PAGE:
With an excellent employment rate for graduates, our postgraduate diploma combines academic study with practical professional training, including seven weeks of work placement. Teaching staff on the programme are qualified and experienced career advisers and bring additional specialist expertise to the course.
You’ll acquire effective interpersonal communication skills for one-to-one career guidance, working with groups and via online media. You’ll learn and put into practice the latest counselling techniques, while developing the necessary research and teamwork skills to carry you into your own successful career.
The skills taught are transferable to many other roles in employment, education and training. Former students have gone on to work in education-industry liaison, and projects promoting mentoring or equality and diversity.
- Career counselling and coaching
- Theories of career choice and development
- Career and educational information
- Labour market studies
- Public policy and the professional context for practice
- Equality, diversity and social inclusion
Study modules mentioned above are indicative only. Some changes may occur between now and the time that you study.
Full information on this is available in our disclaimer.
If not already employed in a career guidance related role before starting the course, most graduates find work as a career adviser or guidance practitioner.
Key employers include Skills Development Scotland, university careers services and community agencies promoting employability for disadvantaged groups.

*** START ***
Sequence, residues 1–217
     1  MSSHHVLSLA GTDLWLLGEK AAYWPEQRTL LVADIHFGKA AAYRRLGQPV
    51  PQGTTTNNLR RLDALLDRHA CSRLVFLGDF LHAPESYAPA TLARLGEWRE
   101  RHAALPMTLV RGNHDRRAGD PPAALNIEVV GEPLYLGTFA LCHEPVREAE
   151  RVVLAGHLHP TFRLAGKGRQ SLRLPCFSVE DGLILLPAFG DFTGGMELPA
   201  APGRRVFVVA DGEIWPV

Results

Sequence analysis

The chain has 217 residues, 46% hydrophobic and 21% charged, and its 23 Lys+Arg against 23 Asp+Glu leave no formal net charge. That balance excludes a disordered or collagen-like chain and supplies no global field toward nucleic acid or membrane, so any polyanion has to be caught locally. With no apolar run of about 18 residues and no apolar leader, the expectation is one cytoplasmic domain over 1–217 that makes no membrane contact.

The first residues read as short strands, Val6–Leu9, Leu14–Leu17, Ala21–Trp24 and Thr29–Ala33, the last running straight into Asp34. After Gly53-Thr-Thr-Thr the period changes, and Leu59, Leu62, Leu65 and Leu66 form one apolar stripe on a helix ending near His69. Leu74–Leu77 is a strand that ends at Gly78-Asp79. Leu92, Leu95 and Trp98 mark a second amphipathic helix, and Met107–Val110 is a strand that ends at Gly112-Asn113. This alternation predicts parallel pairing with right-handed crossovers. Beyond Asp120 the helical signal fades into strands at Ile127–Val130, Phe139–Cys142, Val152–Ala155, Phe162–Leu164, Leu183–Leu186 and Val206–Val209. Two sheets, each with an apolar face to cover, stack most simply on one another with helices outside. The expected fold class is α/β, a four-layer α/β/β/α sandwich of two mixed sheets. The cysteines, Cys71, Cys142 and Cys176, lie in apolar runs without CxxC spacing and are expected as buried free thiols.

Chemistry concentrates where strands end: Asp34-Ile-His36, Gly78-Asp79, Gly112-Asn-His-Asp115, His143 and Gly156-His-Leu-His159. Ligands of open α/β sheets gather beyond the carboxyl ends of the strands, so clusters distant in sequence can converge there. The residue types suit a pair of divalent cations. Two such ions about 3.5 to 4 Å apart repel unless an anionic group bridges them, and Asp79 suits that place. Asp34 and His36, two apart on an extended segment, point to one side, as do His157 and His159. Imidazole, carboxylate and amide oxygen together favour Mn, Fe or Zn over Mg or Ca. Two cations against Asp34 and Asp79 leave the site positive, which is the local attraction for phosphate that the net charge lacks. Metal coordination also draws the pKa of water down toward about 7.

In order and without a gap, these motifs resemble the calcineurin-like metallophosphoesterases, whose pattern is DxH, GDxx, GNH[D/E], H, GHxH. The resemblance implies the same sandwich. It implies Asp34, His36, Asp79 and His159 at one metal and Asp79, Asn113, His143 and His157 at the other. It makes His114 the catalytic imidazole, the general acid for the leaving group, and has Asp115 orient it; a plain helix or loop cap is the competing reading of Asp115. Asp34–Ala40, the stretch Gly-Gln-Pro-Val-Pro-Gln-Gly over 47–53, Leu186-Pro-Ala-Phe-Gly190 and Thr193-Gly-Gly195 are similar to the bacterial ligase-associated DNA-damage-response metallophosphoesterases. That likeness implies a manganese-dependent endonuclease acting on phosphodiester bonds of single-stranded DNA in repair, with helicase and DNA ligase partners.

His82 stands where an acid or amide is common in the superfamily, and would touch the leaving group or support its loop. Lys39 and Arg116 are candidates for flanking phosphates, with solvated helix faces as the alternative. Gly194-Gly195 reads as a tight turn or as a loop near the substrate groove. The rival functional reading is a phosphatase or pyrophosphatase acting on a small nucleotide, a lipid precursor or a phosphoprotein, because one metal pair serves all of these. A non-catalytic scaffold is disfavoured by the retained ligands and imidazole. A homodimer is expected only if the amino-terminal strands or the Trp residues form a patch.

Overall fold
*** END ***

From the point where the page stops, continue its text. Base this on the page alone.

Some students go on to work in the private sector or become self-employed.
The entry requirement for this course is a UK Honours degree at 2:2 or above. We look for applicants to have a background in any discipline in order to be eligible for the programme.
We may also consider lesser qualifications if you have sufficient relevant work experience within the industry.
Please note the application deadline for this programme is 31st July 2018.
All applicants are interviewed for this programme and all successful applicants must complete a Protecting Vulnerable Groups (PVG) Scheme or police check.
English language requirements
If your first language isn't English, you'll normally need to undertake an approved English language test and our minimum English language requirements will apply.
This may not apply if you have completed all your school qualifications in English, or your undergraduate degree was taught and examined in English (within two years of starting your postgraduate course). Check our country pages to find out if this applies to you.
Our entry requirements indicate the minimum qualifications with which we normally accept students. Competition for places varies from year to year and you aren't guaranteed a place if you meet the minimum qualifications.
If your qualifications aren't listed above, visit our country pages to get entry requirements for your country.
Please note that non-EU international students are unable to enrol onto the following courses:
BN Nursing/MN Nursing (Adult, Child, Mental Health or Learning Disability)
BM Midwifery/MM Midwifery
We are committed to being as accessible as possible to anyone who wants to achieve higher education.
Our admissions policies will help you understand our admissions procedures and how decisions are made.
Frequently Asked Questions about Fees
Information of Bursaries and Scholarships
In addition to University fees there are two other mandatory charges for this programme. Student membership and registration for the professional body qualification amounts to £365.00, which is payable to the Career Development Institute (CDI). All applicants must undergo a criminal record check via the Disclosure Scotland ‘Protecting Vulnerable Groups’ (PVG): The fee for this is £59.00 (reduced to £18.00 if you are already in the PVG scheme).
Modules that you will study* as part of this course
* These are indicative only and reflect the course structure in the current academic year. Some changes may occur between now and the time that you study.